Prompted by Barbara's comment on this post, I thought I'd put together a list of yarn dyers/sellers I've used whose products I like. If I've already knitted something with the yarn in question I'll link to the post or Ravelry project page, if not it means the skein is still in the drawer awaiting its turn on the needles. Some of the following may be familiar to you, some perhaps less so, but I hope you'll find a source of good things among them.
A case for my phone - made up as I went along - using Liberty Lifestyle 'Cranston', Sevenberry 'Seigaiha', a length of grosgrain ribbon, and some wadding.
Here's the finished piece inside out showing the ribbon pull by which the phone is lifted out of the case. One end of the ribbon is stitched a third of the way up the inside of the front, then it runs to the base of the case and up the inside of the back where it is held in place by a fabric tab.
Right side out. It's a good fit, nice and snug, and the wadding front and back gives sufficient protection without bulk.
It's been a while since I did any embroidery or sewing and I want to get back to it, but knitting and needlepoint in the shape of works-in-progress and others which are 'needle adjacent' seem always to take precedence.
And then there's Janet Clare, another recent discovery, whose book The Wordsmith appeals, but I fear it would be folly to embark on yet another thing.
In view of the above, I'm interested to hear from the 'multi-craftual' among you: how do you fit it all in? Do you work on only one project at a time, from start to finish? Do you devote certain days (or seasons) to one craft over another? Do you do a little of everything so that there is some progress across all your work all the time? Do you just knit or stitch or sew as the mood takes you, without feeling overwhelmed, or that you're neglecting what's not in hand at that moment? Are you disciplined about not buying the supplies for a new project until you are free of other work and ready to start it?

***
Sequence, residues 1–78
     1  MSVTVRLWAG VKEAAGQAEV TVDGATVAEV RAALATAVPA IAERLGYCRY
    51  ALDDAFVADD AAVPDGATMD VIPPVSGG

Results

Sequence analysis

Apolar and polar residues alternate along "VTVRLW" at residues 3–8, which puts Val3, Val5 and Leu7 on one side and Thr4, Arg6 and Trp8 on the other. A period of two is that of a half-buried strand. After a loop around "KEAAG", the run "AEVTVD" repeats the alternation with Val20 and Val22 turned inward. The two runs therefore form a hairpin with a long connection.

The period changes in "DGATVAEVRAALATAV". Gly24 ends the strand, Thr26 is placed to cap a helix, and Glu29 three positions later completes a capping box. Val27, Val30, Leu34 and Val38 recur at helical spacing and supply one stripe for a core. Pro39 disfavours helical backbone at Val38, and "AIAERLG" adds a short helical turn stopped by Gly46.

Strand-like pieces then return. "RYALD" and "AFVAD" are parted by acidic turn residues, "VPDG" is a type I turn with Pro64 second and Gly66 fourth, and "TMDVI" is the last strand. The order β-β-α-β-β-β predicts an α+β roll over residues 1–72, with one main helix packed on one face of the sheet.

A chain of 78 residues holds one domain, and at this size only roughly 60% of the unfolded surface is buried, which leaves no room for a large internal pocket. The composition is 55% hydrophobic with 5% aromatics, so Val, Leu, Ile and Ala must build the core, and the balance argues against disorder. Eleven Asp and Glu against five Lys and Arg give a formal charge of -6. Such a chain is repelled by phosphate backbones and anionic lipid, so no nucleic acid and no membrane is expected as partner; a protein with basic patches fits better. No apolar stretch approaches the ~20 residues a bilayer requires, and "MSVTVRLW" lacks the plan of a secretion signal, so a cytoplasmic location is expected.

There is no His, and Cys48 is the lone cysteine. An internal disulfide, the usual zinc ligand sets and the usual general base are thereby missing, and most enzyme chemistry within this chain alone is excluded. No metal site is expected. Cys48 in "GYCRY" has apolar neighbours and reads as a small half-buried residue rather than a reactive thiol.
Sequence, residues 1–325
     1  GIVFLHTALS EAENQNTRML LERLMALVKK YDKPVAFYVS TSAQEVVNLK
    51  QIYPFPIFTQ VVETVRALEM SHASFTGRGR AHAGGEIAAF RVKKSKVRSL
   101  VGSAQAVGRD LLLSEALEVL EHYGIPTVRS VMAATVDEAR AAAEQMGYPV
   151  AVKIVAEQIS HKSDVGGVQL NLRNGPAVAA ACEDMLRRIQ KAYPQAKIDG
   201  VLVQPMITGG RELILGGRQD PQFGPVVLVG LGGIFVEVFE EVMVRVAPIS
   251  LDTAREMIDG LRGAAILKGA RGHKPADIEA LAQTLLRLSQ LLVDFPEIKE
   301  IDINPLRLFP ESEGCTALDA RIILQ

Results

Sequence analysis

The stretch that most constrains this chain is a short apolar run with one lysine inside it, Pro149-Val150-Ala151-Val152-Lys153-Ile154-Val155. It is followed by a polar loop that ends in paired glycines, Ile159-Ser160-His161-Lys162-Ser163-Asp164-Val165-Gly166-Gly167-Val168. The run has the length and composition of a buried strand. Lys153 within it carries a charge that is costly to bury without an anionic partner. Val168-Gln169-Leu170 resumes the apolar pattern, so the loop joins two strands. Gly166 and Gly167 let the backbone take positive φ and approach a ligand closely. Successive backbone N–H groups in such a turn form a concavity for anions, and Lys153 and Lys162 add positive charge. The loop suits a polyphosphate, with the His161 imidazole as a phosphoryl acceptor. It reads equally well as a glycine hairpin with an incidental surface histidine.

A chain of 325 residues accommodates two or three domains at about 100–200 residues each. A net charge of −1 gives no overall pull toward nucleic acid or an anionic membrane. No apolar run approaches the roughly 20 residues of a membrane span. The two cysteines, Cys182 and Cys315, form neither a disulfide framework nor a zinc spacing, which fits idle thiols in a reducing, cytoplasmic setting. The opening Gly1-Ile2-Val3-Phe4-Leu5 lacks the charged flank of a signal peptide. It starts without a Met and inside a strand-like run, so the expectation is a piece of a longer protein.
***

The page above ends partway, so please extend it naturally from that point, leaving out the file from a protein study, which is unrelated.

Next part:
I suspect Mme. Fontaine here was faithful to her embroidery - she certainly seems to display an appealing level of serenity and absorption in her work.
Bad news just in regarding The Great Tapestry of Scotland: one of the panels* has been stolen from the exhibition currently on at Kirkcaldy Galleries.
Here's the text of the press release I've just received:
HELP FROM THE PUBLIC CALLED FOR IN SEARCH FOR GREAT SCOTTISH TAPESTRY PANEL STOLEN FROM KIRKCALDY GALLERIES
Fife Cultural Trust (FCT) has called for the public to help track down one of the panels from the Great Tapestry of Scotland that was stolen from Kirkcaldy Galleries on the morning of Thursday September 10th.
The panel illustrating the story of Rosslyn Chapel was removed from display at around 10am.
The Great Tapestry is one of the biggest community projects in the world, with 160 individual panels, stitched by more than 1,000 volunteers. The Tapestry has been on display at Kirkcaldy Galleries since 20 June and in that time over 50,000 people have been amazed and delighted by the scale, quality and exuberance of the design and fantastic detail of the stitching.
Fife Cultural Trust is working closely with the police to review CCTV footage.
Laurie Piper, Head of External Relations for Fife Cultural Trust said;